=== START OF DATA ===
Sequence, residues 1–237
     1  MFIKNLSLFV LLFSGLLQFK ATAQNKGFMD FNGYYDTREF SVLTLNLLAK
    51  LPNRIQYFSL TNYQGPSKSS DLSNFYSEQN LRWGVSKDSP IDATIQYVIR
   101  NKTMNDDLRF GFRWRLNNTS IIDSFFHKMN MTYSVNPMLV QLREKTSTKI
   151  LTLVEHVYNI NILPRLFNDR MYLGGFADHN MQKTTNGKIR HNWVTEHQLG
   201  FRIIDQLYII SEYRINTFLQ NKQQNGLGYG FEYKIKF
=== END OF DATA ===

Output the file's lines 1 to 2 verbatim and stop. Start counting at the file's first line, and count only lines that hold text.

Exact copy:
Sequence, residues 1–237
     1  MFIKNLSLFV LLFSGLLQFK ATAQNKGFMD FNGYYDTREF SVLTLNLLAK